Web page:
Russian Press - Behind the Headlines, June 18

© Alex StefflerRussian Press - Behind the Headlines, June 18
Russian Press - Behind the Headlines, June 18 - Sputnik International
Parnas Becomes Legal by Merging with Republican Party / Russia Deploys Navy, Air Force to Defend Syrian Naval Base / Helicopters to Be Allowed over Moscow

Moskovsky Komsomolets
Parnas Becomes Legal by Merging with Republican Party

The rumor that the People's Freedom Party (Parnas) will get legal status by joining Vladimir Ryzhkov’s Republican Party of Russia (RPR) appeared after the RPR regained its official registration status. This rumor has now been confirmed at the first convention of the merged party. Moskovsky Komsomolets has obtained a copy of the main liberal opposition party’s program and the list of its potential new members.

The new party’s acronym, RPR-Parnas, may be a bit clumsy but at least it didn’t provoke a dispute. Sources in the merged party said that the old RPR members, many of whom have been advocating liberal ideas since the 1990s, had second thoughts about the merger. Proud of their turbulent political past, they were unwilling to add anything to the legendary political brand, the RPR.

The RPR was established in 1990 and formed part of various parliamentary blocs and coalitions several times, until it was pushed off the official political stage in 2007. Vladimir Ryzhkov joined forces with Mikhail Kasyanov (People's Democratic Union) and Boris Nemtsov (Solidarity), forming the liberal alliance, Parnas. However, Parnas has been denied legal registration status and so when the RPR regained its legal status by decision of the International Court of Human Rights in Strasbourg, Parnas saw a sure way to bypass the bureaucratic snares – a merger with the RPR. The Ministry of Justice will soon re-register the two parties under the new name.

During its Saturday convention, the merged party adopted a new political declaration, which highlights early presidential and parliamentary elections and a reform of the Constitution to prevent the usurpation of power. In particular, RPR-Parnas will insist on stripping the president of the right to form a government.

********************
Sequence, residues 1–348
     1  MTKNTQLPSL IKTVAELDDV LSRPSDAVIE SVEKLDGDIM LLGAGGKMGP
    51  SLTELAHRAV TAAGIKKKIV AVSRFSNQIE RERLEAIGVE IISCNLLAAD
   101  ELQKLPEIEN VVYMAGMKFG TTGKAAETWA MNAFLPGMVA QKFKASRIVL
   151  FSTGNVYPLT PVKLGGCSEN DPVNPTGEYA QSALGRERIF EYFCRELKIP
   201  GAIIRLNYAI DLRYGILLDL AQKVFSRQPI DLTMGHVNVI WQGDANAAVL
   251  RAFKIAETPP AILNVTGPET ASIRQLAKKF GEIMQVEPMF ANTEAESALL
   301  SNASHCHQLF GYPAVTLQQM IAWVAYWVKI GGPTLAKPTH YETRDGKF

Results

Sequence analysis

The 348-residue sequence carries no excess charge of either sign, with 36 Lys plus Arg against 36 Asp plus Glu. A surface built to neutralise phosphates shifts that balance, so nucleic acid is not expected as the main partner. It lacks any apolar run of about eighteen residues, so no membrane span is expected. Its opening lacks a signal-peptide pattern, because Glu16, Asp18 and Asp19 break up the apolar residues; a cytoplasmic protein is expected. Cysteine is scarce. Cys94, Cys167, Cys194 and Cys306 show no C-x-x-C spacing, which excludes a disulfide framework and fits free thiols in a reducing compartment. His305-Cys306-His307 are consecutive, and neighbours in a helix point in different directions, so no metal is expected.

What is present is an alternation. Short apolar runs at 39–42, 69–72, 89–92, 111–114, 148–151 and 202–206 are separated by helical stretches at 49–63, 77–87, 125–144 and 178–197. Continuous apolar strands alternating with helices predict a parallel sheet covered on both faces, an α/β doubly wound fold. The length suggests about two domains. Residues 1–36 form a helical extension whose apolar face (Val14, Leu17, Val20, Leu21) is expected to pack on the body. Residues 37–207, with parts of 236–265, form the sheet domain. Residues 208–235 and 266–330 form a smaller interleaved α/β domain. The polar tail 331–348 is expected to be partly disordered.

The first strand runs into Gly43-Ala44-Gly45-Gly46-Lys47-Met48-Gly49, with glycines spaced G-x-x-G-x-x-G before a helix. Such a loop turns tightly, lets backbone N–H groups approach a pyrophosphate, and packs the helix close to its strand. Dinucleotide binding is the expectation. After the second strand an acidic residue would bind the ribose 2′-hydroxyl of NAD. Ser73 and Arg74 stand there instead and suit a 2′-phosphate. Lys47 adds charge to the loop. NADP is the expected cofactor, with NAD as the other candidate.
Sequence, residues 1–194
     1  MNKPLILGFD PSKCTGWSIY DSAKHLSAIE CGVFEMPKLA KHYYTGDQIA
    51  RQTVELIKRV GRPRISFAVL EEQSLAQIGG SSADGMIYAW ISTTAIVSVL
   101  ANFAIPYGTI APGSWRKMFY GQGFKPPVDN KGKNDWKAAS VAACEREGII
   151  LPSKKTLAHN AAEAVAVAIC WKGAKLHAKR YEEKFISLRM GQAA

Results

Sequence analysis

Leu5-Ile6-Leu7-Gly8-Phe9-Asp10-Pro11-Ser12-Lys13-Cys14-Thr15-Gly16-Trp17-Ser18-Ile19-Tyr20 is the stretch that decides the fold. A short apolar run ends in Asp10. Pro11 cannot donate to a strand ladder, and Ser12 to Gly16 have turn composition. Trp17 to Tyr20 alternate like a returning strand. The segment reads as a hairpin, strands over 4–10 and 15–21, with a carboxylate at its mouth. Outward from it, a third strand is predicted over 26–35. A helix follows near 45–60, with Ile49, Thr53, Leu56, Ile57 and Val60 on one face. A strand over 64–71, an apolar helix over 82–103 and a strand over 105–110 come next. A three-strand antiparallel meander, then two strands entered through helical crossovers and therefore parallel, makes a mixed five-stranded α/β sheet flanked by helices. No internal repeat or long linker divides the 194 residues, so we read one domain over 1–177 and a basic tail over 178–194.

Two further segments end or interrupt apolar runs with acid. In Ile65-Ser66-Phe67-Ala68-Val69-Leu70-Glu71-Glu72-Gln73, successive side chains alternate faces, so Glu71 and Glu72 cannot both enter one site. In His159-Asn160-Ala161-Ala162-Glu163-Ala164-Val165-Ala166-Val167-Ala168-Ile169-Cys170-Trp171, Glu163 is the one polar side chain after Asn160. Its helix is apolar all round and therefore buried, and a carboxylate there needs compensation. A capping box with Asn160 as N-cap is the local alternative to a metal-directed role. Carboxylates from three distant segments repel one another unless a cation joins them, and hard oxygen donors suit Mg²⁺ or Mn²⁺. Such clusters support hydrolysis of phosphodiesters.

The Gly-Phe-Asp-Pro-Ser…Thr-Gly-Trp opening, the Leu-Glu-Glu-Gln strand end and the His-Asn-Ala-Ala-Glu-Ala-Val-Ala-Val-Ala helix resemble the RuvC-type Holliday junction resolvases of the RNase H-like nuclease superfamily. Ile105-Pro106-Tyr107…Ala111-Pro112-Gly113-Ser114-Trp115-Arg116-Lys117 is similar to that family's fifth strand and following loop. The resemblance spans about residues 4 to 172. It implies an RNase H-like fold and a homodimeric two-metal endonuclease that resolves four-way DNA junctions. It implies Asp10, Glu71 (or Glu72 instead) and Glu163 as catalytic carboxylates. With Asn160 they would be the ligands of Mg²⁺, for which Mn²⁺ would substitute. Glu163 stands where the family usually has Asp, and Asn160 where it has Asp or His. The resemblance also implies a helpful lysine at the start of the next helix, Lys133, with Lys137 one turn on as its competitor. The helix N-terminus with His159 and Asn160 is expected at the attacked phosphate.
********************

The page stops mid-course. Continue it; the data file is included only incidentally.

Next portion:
“We are advocating a change in government authority, but only within the framework of the Constitution,” Kasyanov told MK. “Being a responsible opposition party, we plan to hold talks with the authorities on the freedom of political activity and early elections.”

Ryzhkov said at the convention that the institution of co-chairs is an effective and reliable method of consolidation and cooperation. The new party has three co-chairs – Ryzhkov, Nemtsov and Kasyanov, and its political council will have 45 members, including Ilya Yashin (a Solidarity leader), Valentina Melnikova (chair, Committee of Soldiers' Mothers of Russia) and politician Vladimir Kara-Murza Jr.

RPR-Parnas hopes it will form the core of unification for the other liberal forces. The co-chairs said they would be happy if Yabloko joined the merged party, but are only discussing cooperation so far. The merged party’s political declaration is similar to the manifesto of the recent March of Millions. Despite the difficulties and differences, the liberal opposition has provided an example of constructive party policy for the other parties and movements that attended the protest rallies at Bolotnaya Square.

Nezavisimaya Gazeta
Russia Deploys Navy, Air Force to Defend Syrian Naval Base

The Russian Air Force is prepared to provide air support for Russian warships bound for Syria. The ships stand ready to set sail, a Defense Ministry source told reporters.

On Sunday, the ministry strongly denied certain U.S. media reports that one of the Black Sea Fleet ships was already on the way to the Russian naval base in Tartus, Syria.

UN military observers announced late last week that their mission in Syria was completed. Foreign Minister Sergei Lavrov discussed this with international mediator Kofi Annan on Saturday. Since Russia is insisting on the unacceptability of armed interference in the internal conflict and calling for an international conference, its warships’ role in Syria will be to protect and evacuate Russian citizens and possibly defend the naval base if tensions escalate.